Banks not giving moratorium should not lead to Asset Liability Management (ALM) mismatch: Mr Ramesh Iyer, Mahindra Finance

Banks not giving moratorium should not lead to Asset Liability Management (ALM) mismatch: Mr Ramesh Iyer, Mahindra Finance

Update on the Indian Equity Market:

On Tuesday, Indian indices ended on positive note for the second consecutive day. NIFTY ended up 98 pts (+1.1%) at 9380 level.
Among the sectoral indices, PVTBANK (3.6%), BANK (2.9%) and FIN SERVICE (3.4%) were among the top gainers while PHARMA (-2.3%), FMCG (-0.9%) and METAL (-0.3%) were the losers. INDUSINDBK (17.1%), BAJFINANCE (+9.3%) and HDFC (+8.3%) were the top gainers. SUNPHARMA (-3.0%), IOC (-2.3%) and NTPC (-2.1%) were the top losers.

Banks not giving moratorium should not lead to Asset Liability Management (ALM) mismatch: Mr Ramesh Iyer, Mahindra Finance
Over 75% retail borrowers have opted for loan moratorium
Edited excerpts of an interview with Mr Ramesh Iyer, Vice Chairman (VC) and Managing Director of Mahindra Finance dated 27th April 2020:

• When asked about the collection efficiency after Non-Banking Finance Companies’ (NBFC) operations being partially resumed, he replied that April was not expected to be good for collections because the moratorium was just announced and he is sure that most of the NBFCs would have made some collections.
• Mahindra Finance had about 15-20% collection efficiency but that largely came from the farming community. He is of the opinion that April and May both where the moratorium has been given, no one will want to come and pay.

• He informed that more than 75% of the customers have opted for the moratorium. Initially it was only about 60-65%. Then subsequently they would have reviewed their own situation and would have felt opting for moratorium. He believes that the 25% who are not asking for it, there would be about 4-5% or maybe little more who are fearing the interest that is going to be charged for the moratorium period and therefore they would have made the payment. They might not have the money to pay but fearing the interest, they would have made the payment. But they would come back and possibly negotiate on the interest and take the moratorium.
• When asked about the Asset Liability Management (ALM) mismatch due to the moratorium, Mr Iyer stated that it will depend from NBFC to NBFC. Mahindra Finance in particular always had a good match of ALM. So, banks not giving moratorium should not lead to ALM mismatch because he expects that the disbursements to not be there. Therefore, if the collections are not there to that extent that disbursements are not there, it should kind of offset each other to an extent. But again, it depends on each NBFC independently but the large ones should not have a mismatch.
• He further clarified that some of the banks are giving moratorium on the term loan. The Banks have not announced that but most of the private banks are giving moratorium on the term loans to NBFCs also.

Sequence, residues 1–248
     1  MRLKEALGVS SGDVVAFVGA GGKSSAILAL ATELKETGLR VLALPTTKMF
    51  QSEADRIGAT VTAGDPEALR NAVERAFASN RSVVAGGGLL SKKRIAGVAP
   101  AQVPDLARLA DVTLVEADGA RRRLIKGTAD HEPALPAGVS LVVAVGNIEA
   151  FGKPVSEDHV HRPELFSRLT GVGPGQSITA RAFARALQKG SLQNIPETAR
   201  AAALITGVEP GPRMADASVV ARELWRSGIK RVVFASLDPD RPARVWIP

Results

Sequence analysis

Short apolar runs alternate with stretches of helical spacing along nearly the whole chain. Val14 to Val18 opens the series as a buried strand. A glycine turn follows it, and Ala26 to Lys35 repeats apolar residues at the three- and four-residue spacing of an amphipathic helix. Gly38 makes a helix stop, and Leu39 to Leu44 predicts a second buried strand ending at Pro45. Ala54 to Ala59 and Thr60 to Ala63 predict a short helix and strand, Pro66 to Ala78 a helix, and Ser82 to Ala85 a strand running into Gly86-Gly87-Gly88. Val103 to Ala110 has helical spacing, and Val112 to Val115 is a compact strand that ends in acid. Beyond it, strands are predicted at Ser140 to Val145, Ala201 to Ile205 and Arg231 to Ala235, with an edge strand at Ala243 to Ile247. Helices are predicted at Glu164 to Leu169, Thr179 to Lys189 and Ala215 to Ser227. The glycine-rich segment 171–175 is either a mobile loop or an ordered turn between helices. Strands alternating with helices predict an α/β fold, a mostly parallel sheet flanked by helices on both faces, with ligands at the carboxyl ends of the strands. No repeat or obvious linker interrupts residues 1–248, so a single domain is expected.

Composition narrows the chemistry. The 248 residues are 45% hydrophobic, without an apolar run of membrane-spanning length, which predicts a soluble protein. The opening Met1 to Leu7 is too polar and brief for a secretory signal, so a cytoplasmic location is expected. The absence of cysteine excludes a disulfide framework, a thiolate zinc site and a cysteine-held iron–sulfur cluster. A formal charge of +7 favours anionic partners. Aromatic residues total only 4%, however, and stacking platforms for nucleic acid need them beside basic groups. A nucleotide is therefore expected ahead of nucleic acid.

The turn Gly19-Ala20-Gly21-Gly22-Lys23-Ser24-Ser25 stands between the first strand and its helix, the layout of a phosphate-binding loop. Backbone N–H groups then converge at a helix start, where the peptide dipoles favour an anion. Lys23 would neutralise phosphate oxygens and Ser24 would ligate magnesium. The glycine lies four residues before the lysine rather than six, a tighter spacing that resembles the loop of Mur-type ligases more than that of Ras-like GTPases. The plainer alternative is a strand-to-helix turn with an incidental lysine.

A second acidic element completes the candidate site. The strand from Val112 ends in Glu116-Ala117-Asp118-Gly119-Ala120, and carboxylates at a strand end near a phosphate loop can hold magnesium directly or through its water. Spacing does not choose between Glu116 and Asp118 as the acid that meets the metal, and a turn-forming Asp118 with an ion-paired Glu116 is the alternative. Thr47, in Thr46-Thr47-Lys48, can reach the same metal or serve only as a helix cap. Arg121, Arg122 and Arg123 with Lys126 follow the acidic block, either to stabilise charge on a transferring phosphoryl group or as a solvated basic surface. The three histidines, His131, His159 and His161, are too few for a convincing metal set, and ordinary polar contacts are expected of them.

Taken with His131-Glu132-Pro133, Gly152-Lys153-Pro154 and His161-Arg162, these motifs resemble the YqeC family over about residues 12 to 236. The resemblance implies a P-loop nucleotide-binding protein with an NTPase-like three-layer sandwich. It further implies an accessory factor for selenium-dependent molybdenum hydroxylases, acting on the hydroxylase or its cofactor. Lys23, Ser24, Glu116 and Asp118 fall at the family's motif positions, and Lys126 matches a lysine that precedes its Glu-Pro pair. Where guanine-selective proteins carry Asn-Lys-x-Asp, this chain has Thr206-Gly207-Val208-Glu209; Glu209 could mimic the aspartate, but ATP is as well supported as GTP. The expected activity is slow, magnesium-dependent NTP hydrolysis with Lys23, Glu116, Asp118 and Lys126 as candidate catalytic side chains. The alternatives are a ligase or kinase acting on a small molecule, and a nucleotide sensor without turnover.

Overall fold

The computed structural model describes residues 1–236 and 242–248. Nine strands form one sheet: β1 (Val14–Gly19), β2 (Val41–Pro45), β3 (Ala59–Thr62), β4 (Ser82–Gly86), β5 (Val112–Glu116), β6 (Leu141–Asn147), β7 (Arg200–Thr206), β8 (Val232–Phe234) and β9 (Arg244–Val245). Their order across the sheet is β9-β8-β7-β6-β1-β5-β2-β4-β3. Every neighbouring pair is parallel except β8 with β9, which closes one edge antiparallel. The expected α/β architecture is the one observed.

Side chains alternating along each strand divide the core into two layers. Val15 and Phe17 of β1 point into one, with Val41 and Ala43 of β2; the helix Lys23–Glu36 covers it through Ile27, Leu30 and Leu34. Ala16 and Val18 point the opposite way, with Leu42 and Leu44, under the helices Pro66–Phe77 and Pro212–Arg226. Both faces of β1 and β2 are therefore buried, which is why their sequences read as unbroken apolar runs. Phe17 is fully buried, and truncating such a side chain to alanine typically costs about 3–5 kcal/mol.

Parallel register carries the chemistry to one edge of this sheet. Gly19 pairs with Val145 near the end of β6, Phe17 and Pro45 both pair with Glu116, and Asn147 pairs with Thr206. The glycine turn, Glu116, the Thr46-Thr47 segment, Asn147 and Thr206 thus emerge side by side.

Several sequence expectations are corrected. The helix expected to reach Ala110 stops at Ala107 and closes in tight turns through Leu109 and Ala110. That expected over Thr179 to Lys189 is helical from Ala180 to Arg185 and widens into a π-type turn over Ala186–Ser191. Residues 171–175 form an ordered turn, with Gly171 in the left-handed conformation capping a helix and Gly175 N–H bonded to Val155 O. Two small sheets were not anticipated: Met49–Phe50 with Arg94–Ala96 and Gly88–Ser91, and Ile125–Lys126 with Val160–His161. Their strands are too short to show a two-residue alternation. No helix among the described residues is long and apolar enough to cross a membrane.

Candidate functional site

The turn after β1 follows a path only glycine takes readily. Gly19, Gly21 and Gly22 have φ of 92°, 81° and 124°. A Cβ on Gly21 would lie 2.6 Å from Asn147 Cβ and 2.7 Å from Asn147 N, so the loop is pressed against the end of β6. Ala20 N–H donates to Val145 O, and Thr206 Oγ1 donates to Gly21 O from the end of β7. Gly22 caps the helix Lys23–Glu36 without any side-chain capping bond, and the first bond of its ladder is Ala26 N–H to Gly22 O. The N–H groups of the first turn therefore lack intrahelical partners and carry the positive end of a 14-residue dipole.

• When asked his opinion on the Franklin Templeton issue is going to further tighten the liquidity in the system, he said that clarifications have been given. Even Templeton has put out some notes. So, this is a one-off case but definitely, whenever something like this happens, it does build up pressure in the system. But in any case, mutual funds were not actively providing funds to NBFCs in the recent past given their own redemption and inflow being a little low. Really what we are looking for is liquidity from the banking system and with so much action already taken by the RBI to provide liquidity in the system, he personally believes if the banks do open up to NBFCs and start providing them funds, then liquidity by itself should not be a problem.
• When asked about his outlook on rural economy and impact on rural cash flows, he said that it is not the farmers who are hugely impacted because it is not across the country that everyone is impacted. After analysis it is found about 65-70% of the districts do remain free from this problem but, the fact is because of the lockdown, the activities are low. But what is important and interesting is that the harvest has been good; wheat output is good, sugarcane is good, potato, onion is good, pulses are good and the government will buy and they will warehouse these products. So surely the farm cash flows should improve and the collections seen in April are coming from the farming community. So, he is not of the opinion that the farmers are impacted.
• He also informed that there is a demand for tractors. The dealerships in some of the locations have opened up. But because of the lockdown there has been a slowdown in the activities. If two months of activity is lost, there would be pressure in the collections and the consumers even if they have the money would like to hold it back and wait and what next happens. So, to that extent, the overdues will go and with three months moratorium provided by the Reserve Bank, if things were to regularise if not from immediate June but even in August, things should settle down well and we should not see increase in NPAs.
• But yes, if this was to get extended and not stop at May and was to continue to go longer then, one will need to relook at the situation and what happens next. But he believes that post August, things would start to look better and definitely rural is not as badly impacted as urban is.

Consensus Estimate: (Source: market screener, websites)

• The closing price of Mahindra Finance was ₹ 155/- as of 27-April-20. It traded at 0.76x/ 0.70x the consensus BVPS estimate of ₹ 189/205 for FY20E/ FY21E respectively.
• Consensus target price of ₹ 305/- implies a PBV multiple of 1.5x on FY21E BVPS of ₹ 205/-

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